All politics is local,” a phrase often attributed to former House Speaker Thomas P. “Tip” O’Neill, Jr. (D-Massachusetts). And in a similar vein, “all politics is personal.” The art of governance lies in the interactions between people, whether it be between a representative and their constituents about local issues or between representatives in the House of Representatives about national legislation.
However, there is a dark side to personal politics, and that is when politicians resort to personal attacks on their opponents. It’s the politics of personal destruction, as “wronged” politicians like to put it.
The latter definition has been rattling around in my head for the past few weeks as I’ve watched House members “get personal” with each other in a snide manner. The institution’s ability to function in an orderly and fruitful manner depends on the basic rules of “decorum and debate,” which are being threatened by the recent uptick in personality clashes in committees and on the floor.
The elephant or the donkey could be singled out as the prime suspect in this latest round of unpleasantness. But from where I’m sitting, it looks like both sides are engaging in tit-for-tat behaviour. Having been shut out of (or off of) committees and shut down on the floor by majority Democrats in the previous Congress, Republicans entered the 118th Congress with a chip on their shoulders.
Democrats entered the new Congress with their own set of grievances, having recently lost control of Congress and feeling slighted by the new majority’s haughty demeanour and policy proposals. All of this has degenerated into what I like to call a “3-V movie” of vitriol, vindictiveness, and revenge. And the new Congress has only been in session for a month so far.
The marathon voting process to choose a new Speaker didn’t help, but that was entirely due to infighting among Republicans. Unfortunately, this slowed down the process of electing committee members and establishing working structures. Meanwhile, it looked like the House was running like the Wild West, with no rules and everyone out for themselves.
I hope this is just a hiccup and that things will return to normal once members begin fulfilling their committee duties. However, I am not placing any bets on that happening. To paraphrase what I said to a colleague not too long ago, it’s as if members didn’t attend the mandatory orientation week at the start of their terms to learn the rules of Congress and how to get along with their peers. Indications of severe disorientation are present.
I recently reread Thomas Jefferson’s advice on maintaining “Order in Debate” in his “Manual of Parliamentary Practice” and have turned my attention back to House Rule XVII on “Decorum and Debate.” Having taken their cues from the British Parliament, they share the same fundamental principles.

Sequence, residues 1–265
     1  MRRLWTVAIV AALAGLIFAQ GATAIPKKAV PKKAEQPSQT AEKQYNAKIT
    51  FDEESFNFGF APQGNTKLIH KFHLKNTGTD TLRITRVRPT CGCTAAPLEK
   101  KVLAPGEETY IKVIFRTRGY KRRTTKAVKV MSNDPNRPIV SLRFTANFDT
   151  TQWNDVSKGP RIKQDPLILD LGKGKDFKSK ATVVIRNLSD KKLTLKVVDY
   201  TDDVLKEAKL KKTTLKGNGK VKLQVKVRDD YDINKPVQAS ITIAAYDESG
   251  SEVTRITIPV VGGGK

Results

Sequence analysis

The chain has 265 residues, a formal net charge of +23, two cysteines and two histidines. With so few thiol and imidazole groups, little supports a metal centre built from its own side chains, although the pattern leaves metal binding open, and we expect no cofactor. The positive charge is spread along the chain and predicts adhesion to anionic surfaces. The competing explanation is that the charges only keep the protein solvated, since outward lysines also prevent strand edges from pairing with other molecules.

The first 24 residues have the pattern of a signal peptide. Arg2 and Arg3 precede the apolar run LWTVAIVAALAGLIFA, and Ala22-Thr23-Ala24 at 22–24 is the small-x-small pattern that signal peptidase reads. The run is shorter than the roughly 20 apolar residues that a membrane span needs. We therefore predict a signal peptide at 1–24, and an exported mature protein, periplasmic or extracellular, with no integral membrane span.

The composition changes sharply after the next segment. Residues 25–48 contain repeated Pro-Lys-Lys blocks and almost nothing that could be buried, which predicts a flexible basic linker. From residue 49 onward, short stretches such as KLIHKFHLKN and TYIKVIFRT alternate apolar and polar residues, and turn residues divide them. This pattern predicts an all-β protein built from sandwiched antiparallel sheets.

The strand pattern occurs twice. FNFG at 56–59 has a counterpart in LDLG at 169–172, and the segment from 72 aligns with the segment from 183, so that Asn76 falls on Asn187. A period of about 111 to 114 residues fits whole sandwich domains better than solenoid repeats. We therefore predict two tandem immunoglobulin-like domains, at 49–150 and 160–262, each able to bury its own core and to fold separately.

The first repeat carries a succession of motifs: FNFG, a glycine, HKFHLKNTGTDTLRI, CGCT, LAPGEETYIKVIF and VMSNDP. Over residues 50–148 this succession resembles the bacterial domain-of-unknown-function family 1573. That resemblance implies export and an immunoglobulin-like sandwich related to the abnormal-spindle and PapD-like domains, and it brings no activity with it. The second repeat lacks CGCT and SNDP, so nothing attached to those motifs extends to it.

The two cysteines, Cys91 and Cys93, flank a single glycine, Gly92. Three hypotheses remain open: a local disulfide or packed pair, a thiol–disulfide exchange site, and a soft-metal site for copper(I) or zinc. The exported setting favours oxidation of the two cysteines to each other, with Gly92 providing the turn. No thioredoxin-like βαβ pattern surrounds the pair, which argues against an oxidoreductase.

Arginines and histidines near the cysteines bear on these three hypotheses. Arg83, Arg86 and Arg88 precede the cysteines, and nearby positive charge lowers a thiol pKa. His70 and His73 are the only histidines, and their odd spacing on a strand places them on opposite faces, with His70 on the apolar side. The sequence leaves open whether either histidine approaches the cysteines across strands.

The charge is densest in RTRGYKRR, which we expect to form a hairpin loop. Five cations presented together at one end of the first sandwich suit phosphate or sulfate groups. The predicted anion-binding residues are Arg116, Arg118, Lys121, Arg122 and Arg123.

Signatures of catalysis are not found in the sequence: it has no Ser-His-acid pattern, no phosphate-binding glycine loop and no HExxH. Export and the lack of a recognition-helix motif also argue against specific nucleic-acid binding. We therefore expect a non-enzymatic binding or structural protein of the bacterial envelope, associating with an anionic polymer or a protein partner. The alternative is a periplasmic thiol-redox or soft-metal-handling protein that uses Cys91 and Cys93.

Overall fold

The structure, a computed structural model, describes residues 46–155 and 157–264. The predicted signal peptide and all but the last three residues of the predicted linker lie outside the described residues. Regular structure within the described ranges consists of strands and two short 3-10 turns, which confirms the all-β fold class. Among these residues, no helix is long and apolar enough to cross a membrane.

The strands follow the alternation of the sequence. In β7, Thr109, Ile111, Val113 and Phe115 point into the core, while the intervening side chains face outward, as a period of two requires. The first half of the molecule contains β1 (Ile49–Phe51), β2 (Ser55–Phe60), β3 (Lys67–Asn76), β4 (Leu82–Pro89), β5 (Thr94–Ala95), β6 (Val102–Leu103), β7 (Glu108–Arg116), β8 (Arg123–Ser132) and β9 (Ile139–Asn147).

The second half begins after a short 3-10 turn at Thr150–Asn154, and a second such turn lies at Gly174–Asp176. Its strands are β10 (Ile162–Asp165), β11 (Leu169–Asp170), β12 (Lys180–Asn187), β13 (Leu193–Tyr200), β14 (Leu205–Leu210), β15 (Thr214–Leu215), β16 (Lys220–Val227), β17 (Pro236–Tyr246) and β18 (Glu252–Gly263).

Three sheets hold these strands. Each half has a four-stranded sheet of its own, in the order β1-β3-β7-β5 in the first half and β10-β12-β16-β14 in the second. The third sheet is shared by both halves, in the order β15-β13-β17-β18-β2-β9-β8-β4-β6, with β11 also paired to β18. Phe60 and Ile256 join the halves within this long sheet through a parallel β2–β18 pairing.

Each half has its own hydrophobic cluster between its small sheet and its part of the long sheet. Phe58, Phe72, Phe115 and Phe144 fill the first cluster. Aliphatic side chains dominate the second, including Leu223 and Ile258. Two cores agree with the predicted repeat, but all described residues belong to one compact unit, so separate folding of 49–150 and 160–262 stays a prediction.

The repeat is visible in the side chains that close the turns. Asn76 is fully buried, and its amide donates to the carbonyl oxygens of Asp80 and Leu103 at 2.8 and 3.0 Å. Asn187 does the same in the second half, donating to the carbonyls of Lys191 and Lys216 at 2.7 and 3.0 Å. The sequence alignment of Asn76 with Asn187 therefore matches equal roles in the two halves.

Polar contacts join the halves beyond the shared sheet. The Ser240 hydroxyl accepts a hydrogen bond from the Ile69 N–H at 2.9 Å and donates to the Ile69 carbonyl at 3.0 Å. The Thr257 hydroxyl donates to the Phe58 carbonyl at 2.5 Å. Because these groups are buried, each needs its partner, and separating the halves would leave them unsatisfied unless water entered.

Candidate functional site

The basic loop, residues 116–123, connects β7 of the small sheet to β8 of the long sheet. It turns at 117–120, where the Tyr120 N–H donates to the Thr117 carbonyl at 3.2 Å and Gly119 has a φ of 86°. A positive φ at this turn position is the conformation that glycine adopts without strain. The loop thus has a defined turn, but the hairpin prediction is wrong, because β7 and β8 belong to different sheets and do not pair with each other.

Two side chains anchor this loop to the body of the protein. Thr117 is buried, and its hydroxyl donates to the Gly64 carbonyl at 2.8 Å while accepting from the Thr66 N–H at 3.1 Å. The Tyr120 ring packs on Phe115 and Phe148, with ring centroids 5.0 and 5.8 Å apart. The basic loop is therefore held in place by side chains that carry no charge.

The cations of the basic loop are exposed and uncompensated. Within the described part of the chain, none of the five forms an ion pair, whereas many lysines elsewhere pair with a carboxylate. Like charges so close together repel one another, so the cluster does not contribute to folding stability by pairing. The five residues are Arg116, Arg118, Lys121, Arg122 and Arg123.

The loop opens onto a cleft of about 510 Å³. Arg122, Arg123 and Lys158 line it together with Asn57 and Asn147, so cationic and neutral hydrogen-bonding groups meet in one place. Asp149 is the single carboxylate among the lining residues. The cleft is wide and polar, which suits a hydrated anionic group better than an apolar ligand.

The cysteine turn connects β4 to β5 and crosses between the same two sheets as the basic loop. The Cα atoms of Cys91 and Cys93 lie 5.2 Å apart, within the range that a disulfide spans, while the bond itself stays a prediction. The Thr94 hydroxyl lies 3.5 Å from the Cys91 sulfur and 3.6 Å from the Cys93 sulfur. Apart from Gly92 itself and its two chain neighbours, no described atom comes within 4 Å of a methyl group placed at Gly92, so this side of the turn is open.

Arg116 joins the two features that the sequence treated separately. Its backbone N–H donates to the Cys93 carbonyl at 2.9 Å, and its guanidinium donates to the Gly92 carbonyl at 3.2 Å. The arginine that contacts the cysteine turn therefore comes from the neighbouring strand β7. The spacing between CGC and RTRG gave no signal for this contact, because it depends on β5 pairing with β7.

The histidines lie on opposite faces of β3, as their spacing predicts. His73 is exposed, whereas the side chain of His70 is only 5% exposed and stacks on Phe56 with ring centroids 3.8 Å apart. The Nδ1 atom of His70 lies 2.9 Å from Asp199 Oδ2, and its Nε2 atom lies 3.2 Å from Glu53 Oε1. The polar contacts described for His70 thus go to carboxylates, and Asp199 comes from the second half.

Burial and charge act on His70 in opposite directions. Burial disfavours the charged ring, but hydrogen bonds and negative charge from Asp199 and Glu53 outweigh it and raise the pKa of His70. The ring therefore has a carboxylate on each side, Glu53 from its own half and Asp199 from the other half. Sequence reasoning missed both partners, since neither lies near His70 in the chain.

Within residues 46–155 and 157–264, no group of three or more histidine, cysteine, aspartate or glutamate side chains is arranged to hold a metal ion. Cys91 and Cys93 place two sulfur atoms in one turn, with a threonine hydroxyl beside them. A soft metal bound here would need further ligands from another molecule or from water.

When speaking, members should address the chair, not each other. The purpose of this is to keep a secure separation distance between combatants. Members should stay focused on the topic at hand and not get into personal attacks, such as accusing another member of lying, hypocrisy, bias, or ulterior motives. Committees follow the same procedures.
I will not make specific accusations or cite instances of wrongdoing that I have witnessed. Let it suffice to say that, even based on my unreliable, unscientific anecdotal evidence, the rate and intensity of hostility have increased noticeably since the last Congress. The acting Speaker pro tempore of the House has had his hands full every day (with help from the Parliamentarian) calling members to order for various infractions of the rules of decorum.
On Nixon’s first inauguration day, January 20, 1969, I started my job on Capitol Hill. Nixon’s remark in his inaugural address, “To lower our voices would be a simple thing….,” has stuck with me ever since I saw our country tearing itself apart in the late 1960s, with urban riots and anti-war protests. Until we stop shouting at each other and start speaking quietly enough for our words to be heard as well as our voices, we will not be able to learn from one another.
It’s true that things in the nation’s capital and across the country are once again a tinderbox of yelling and yelling, and they may not be as tumultuous as they were fifty years ago, but the country is still deeply divided. Congress can serve as a model for either greater unity or further polarisation in the United States.
The most practical kind of politics is the politics of decency,” said then-Vice President Theodore Roosevelt to a group of Ivy League undergraduates in 1901 at his Sagamore home in New York. We know from experience that the alternative approach is useless for accomplishing anything worthwhile. At this early stage of the new Congress, the House would do well to change course and find a better way of doing things.